Development of a Novel HIV-1 Nuclear Localization Assay HIV nuclear migration and integration is a decisive step in the establishment of viral infection, or viral latency when cellular conditions are not favorable. Studying HIV nuclear migration is critically important for understanding regulations of viral infection and latency, as exemplified by recent studies showing dramatic effects on viral nuclear migration by chemokines. However, currently, no convenient tools for measuring HIV nuclear migration exist. At present, viral nuclear localization can be measured by a surrogate maker, the 2-LTR circle, which only accumulates in the nucleus. Viral nuclear DNA can also be directly measured by performing nuclear fractionation to quantify total viral DNA in the nucleus. Both of these assays have limitations. The 2-LTR circle quantification is insensitive at early time points (before 12 hours), and particularly in resting CD4 T cells, where 2-LTR circles are difficult to detect withou T cell activation. Frequently, early nuclear migration in resting T cells can only be measured by nuclear fractionation, which requires multiple fractionation controls, and is both time- consuming and prone to experimental errors. In this proposal, we aim to develop a novel, convenient, and more sensitive assay to directly measure HIV nuclear migration.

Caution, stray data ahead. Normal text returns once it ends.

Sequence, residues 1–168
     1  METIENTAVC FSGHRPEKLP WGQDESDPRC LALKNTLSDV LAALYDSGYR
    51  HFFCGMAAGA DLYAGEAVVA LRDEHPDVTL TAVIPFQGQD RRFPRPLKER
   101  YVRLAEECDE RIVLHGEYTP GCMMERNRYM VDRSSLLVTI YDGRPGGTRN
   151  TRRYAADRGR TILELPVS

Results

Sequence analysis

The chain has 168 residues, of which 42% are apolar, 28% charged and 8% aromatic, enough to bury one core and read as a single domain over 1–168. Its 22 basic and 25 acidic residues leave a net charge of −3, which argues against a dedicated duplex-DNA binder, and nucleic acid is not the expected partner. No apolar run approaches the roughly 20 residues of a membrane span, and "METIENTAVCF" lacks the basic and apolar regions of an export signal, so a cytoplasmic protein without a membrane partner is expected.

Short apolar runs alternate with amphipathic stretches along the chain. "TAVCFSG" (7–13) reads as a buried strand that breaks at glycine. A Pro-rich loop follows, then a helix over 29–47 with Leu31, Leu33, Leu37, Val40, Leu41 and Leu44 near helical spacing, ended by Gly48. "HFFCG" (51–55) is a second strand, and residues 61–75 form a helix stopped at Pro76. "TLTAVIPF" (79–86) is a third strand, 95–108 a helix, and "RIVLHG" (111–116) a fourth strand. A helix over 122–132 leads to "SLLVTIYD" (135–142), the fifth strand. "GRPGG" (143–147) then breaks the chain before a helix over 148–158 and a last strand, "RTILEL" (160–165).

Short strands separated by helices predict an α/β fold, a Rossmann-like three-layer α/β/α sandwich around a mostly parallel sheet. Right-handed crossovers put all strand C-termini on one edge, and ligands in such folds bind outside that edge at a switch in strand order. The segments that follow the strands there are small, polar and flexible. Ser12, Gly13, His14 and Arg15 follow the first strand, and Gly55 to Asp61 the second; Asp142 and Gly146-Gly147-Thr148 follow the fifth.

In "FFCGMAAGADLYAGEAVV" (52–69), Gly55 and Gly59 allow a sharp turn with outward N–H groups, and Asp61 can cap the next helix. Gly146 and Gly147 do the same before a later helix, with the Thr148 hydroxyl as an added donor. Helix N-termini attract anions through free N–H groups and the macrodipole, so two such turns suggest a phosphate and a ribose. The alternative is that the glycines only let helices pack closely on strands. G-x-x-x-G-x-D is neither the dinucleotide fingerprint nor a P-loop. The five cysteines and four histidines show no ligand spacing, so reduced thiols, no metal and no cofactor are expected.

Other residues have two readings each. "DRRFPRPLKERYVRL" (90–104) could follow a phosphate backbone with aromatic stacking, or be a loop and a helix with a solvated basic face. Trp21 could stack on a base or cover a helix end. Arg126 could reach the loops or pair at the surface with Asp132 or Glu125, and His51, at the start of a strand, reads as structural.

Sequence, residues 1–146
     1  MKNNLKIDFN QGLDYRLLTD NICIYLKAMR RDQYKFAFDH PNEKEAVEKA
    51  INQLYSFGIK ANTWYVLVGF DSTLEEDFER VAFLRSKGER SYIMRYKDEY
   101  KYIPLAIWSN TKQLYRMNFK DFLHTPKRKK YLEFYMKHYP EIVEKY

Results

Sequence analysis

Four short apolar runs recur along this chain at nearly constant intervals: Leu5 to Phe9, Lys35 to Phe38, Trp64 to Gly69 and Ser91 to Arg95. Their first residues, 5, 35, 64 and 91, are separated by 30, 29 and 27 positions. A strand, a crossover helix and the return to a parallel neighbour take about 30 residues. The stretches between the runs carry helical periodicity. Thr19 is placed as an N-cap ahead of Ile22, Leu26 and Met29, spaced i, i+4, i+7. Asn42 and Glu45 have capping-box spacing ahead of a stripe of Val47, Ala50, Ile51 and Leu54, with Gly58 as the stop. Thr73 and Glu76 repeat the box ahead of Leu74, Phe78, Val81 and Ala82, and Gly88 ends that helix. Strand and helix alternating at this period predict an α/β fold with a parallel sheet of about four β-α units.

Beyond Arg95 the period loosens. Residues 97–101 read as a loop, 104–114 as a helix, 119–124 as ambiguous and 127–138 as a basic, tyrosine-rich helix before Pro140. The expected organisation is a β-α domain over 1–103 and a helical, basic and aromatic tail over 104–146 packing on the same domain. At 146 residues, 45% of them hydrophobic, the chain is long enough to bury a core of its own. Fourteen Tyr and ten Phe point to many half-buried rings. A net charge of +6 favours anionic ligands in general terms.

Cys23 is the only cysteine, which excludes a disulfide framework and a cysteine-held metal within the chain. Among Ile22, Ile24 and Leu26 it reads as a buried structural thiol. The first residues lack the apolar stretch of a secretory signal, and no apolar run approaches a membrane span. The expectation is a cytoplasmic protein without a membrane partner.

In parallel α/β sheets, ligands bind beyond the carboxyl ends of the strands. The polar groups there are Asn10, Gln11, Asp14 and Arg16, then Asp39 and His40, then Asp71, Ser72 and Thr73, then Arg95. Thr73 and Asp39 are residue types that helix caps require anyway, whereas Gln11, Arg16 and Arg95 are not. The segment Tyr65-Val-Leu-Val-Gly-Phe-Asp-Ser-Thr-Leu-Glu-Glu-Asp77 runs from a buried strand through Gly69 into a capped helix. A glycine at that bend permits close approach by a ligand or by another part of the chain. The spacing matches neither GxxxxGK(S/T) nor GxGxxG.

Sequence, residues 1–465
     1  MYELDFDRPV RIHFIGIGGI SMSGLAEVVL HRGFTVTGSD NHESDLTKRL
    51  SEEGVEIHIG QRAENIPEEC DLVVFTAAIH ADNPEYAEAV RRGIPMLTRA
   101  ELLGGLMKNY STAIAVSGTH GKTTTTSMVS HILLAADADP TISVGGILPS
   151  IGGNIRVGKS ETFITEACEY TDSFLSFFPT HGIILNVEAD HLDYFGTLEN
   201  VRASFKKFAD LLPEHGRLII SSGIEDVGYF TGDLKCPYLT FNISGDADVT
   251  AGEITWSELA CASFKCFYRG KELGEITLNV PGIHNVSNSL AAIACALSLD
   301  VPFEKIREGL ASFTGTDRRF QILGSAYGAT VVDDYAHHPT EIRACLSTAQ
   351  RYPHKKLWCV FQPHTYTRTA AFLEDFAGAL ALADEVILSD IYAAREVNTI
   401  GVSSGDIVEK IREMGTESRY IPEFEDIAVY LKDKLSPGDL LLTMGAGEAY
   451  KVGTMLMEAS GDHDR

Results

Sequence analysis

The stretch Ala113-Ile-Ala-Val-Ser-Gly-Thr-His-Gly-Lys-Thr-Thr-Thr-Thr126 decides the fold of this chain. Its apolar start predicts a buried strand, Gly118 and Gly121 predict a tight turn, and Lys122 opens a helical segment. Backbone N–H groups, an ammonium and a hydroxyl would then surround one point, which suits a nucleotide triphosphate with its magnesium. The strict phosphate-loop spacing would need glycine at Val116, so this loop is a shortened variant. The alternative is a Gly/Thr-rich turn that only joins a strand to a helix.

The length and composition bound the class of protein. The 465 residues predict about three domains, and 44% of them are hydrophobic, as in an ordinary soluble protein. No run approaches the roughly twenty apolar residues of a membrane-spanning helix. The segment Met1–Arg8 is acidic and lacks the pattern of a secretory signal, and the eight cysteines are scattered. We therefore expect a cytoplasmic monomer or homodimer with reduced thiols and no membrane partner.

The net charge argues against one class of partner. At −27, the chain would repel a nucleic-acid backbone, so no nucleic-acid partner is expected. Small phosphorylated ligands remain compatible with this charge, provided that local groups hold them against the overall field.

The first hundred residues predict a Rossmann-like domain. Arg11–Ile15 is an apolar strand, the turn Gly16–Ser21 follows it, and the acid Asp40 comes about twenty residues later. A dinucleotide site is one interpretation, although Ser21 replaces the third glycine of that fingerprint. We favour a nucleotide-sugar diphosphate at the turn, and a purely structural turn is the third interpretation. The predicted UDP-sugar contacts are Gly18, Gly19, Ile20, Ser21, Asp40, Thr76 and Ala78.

In Specific Aim 1, will develop a "BRET-based LMO2-Ldb1 Nuclear Migration Assay" (BLNMA), which is based on the nucleus-specific and high-affinity interaction between two nuclear factors, LMO2 and Ldb1. To develop this assay, HIV-1 Integrase (IN) will be fused to Nanoluc and LMO2. Concomitantly, a fusion protein, Ldb1-EGFP, will be introduced into target cells. IN-tagged HIV infection and nuclear migration will lead to the interaction between IN-LMO2-Nanoluc and Lbd1-EGFP, exclusively in the nucleus, which will generate BRET signal. This novel assay has numerous advantages: (i) faster, signals are measured within hours of infection;(ii) convenient, signals are directly measured without the need for DNA extraction and quantification;(iii) more sensitive, nuclear migration in resting T cells can be measured within hours, and does not require T cell activation;(iv) direct, it is a direct measurement of the nuclear migration of PIC rather than a measurement of the surrogate DNA circles. In addition, given that the assay is performed in live cells, it will also allow monitoring nuclear migration over a time course. Furthermore, this reporter system would be amenable to high- throughput screening of HIV-1 nuclear migration inhibitors.
In Specific Aim 2, we will further validate the BLNMA method for quantification of HIV nuclear migration in chemokine-treated or shRNA-Arp3 knockdown cells. Both cellular modulations directly affect HIV nuclear migration. These validations are important for improvements of the technology so that it is applicable to routine research and drug screening in retrovirology laboratories.
Development of a Novel HIV-1 Nuclear Localization Assay Studying HIV nuclear migration is critically important for understanding regulations of viral infection and latency. However, currently, no convenient tools for measuring HIV nuclear migration exist. In this proposal, we aim to develop a novel, convenient, and more sensitive assay to directly measure HIV nuclear migration. The development of this assay is important for basic research and drug screening.